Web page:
4.2.1 The design process .............................................................................................................................. 6

4.2.2 Design data for thermomechanical performance.............................................................................. 7

4.3 Design for processing analysis......................................................................................................... 10

4.3.1 Processing simulation........................................................................................................................ 10

4.3.2 Data for simulation of injection moulding........................................................................................ 10

4.3.3 Data for simulation of extrusion........................................................................................................ 12

4.3.4 Data for simulation of blow moulding, blown film extrusion and thermoforming....................... 12

5 Determination of design data ............................................................................................................ 13

5.1 General................................................................................................................................................. 13

5.2 Data acquisition for design for mechanical performance .............................................................. 13

5.3 Data acquisition for design for processing ..................................................................................... 14

Annex A (informative) Illustrations of the application of finite element analyses to plastics

components......................................................................................................................................... 19

Annex B (informative) Application of processing simulation analysis for plastics .................................. 48

© ISO 2004 – All rights reserved iii
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ISO 17282:2004(E)
Foreword

ISO (the International Organization for Standardization) is a worldwide federation of national standards bodies

(ISO member bodies). The work of preparing International Standards is normally carried out through ISO

technical committees. Each member body interested in a subject for which a technical committee has been

established has the right to be represented on that committee. International organizations, governmental and

non-governmental, in liaison with ISO, also take part in the work. ISO collaborates closely with the

International Electrotechnical Commission (IEC) on all matters of electrotechnical standardization.

International Standards are drafted in accordance with the rules given in the ISO/IEC Directives, Part 2.

The main task of technical committees is to prepare International Standards. Draft International Standards

adopted by the technical committees are circulated to the member bodies for voting. Publication as an

International Standard requires approval by at least 75 % of the member bodies casting a vote.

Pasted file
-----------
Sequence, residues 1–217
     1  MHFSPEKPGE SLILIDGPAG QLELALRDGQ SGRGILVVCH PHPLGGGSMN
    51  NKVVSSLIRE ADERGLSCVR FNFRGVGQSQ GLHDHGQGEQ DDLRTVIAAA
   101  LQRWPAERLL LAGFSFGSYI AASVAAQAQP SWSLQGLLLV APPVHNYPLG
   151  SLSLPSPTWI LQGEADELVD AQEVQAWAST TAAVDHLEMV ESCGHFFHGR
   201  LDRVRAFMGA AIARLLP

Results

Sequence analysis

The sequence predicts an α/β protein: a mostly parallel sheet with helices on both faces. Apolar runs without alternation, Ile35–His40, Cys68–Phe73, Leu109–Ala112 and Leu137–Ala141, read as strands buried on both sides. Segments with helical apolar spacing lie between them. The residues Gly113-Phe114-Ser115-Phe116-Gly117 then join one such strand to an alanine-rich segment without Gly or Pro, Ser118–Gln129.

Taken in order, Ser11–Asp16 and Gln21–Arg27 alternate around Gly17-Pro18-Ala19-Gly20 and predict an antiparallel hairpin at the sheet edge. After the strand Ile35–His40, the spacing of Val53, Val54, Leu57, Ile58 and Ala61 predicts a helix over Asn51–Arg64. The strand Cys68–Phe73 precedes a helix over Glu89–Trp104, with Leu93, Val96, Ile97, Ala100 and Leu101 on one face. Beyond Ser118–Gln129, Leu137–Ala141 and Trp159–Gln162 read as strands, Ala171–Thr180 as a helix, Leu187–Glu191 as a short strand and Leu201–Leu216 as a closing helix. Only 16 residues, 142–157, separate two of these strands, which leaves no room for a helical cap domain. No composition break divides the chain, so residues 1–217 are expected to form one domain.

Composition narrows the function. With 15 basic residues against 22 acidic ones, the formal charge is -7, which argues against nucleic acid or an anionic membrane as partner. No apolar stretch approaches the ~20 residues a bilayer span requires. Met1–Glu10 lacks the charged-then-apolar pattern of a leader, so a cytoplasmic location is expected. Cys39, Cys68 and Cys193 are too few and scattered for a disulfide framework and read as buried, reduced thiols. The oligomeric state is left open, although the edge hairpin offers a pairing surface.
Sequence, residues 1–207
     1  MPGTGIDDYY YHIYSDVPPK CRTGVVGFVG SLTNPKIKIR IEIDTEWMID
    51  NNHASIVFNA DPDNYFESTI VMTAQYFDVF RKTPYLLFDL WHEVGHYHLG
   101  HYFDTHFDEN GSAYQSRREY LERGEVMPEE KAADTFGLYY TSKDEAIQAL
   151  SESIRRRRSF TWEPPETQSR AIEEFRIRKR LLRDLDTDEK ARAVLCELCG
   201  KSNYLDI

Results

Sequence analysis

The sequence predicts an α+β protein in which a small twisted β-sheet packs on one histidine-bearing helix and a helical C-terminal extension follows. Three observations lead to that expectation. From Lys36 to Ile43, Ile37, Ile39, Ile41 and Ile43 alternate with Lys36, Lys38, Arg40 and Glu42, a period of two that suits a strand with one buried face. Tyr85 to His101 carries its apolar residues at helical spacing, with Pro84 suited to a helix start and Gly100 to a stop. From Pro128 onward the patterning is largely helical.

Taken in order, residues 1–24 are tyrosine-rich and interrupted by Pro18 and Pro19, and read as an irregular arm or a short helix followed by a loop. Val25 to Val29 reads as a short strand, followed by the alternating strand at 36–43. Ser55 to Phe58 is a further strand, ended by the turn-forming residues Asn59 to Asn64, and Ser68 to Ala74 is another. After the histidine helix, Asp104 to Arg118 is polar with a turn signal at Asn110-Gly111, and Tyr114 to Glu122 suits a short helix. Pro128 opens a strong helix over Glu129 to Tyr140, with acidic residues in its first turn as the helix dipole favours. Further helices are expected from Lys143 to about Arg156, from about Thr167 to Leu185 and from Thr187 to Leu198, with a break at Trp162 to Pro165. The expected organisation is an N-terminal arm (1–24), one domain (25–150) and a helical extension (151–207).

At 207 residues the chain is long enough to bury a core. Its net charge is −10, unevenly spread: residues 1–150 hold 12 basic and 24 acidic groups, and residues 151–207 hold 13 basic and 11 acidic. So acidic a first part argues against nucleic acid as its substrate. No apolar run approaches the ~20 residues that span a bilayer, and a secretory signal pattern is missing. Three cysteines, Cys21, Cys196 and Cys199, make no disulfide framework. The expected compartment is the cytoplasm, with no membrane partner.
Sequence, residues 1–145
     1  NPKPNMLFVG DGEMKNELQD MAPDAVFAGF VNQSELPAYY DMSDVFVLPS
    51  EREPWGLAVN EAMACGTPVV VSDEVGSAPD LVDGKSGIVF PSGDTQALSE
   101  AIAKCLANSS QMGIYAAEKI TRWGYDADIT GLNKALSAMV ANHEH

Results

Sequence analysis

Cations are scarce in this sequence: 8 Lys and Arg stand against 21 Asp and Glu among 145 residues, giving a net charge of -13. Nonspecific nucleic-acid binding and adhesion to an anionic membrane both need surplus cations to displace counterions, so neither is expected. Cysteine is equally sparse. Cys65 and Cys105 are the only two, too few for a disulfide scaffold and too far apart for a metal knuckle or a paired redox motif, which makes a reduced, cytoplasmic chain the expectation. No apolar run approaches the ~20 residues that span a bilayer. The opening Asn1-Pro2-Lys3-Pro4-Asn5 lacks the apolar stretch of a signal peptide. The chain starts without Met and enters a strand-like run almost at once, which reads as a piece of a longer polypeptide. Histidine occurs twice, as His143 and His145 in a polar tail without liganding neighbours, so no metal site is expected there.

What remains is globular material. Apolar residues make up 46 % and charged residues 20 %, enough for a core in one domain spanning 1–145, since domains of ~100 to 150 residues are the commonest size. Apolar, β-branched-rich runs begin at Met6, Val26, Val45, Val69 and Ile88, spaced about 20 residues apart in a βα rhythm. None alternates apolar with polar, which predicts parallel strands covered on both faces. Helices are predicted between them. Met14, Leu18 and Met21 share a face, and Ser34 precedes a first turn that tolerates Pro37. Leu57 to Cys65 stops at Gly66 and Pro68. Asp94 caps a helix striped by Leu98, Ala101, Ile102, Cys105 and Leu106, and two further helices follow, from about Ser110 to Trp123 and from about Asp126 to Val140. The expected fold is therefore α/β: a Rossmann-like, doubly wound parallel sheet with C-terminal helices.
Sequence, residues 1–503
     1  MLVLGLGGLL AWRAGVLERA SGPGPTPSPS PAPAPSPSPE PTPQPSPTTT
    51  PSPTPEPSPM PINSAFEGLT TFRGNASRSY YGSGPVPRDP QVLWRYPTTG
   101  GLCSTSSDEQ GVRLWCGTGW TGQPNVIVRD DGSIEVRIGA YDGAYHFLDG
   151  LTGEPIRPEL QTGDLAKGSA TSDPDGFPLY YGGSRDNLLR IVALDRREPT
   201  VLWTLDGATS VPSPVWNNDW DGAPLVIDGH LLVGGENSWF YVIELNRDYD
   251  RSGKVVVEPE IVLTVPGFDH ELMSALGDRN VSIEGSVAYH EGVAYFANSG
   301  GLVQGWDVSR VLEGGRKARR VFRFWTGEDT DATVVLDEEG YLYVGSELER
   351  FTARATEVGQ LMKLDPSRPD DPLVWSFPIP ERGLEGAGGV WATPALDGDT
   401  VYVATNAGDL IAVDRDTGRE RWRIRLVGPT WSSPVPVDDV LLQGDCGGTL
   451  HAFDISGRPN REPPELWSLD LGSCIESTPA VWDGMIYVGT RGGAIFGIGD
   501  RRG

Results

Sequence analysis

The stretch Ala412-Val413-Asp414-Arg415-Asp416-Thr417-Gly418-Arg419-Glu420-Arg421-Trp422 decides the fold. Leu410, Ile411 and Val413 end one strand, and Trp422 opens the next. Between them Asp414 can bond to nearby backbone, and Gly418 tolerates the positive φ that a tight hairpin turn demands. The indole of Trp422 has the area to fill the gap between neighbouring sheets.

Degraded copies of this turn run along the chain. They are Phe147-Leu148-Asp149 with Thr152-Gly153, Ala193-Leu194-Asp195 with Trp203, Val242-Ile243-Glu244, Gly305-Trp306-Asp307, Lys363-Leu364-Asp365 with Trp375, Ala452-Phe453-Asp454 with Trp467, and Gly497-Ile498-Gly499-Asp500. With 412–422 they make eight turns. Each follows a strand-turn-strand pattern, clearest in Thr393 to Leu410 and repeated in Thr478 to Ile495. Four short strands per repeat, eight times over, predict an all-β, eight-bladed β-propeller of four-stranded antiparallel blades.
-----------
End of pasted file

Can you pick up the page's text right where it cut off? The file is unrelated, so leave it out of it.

Attention is drawn to the possibility that some of the elements of this document may be the subject of patent

rights. ISO shall not be held responsible for identifying any or all such patent rights.

ISO 17282 was prepared by Technical Committee ISO/TC 61, Plastics, Subcommittee SC 2, Mechanical

properties.
This corrected version of ISO 17282:2004 incorporates the following corrections:

 in paragraph 4 of the Introduction, the references to Tables 6 and 7 have been corrected;

 Clause 2 (normative references) has been updated, the only important change being the replacement of

ISO 6252 (which has been withdrawn) by ISO 22088-2;
 in the heading to 3.4, the references to the tables have been corrected;
 in Table 12, ISO 6252 has been replaced by ISO 22088-2 (twice);
 Equations (A.6) and (A.7), which were missing, have been inserted;

 throughout the document, a number of symbols and their subscripts have been corrected;

 a number of minor editorial improvements have been made.
iv © ISO 2004 – All rights reserved
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ISO 17282:2004(E)
Introduction

Plastics and composites are increasingly being used in load-bearing applications where they compete with

traditional materials such as steels and aluminium. In these applications, it is important to achieve a confident

knowledge of the safe operating limits of the component through competent design. Computer methods for

design are available, and are continually being improved, that enable predictions to be made of the

performance of plastics under a variety of situations. These situations include mechanical performance under

service loads and environments as well as a flow of the polymer melt during the manufacture of a component.

In order to design effectively with plastics in load-bearing applications, comprehensive data are generally

needed which take into account the effects of time, temperature, rate and environment on properties. A

number of International Standards have been developed that specify how certain data for plastics should be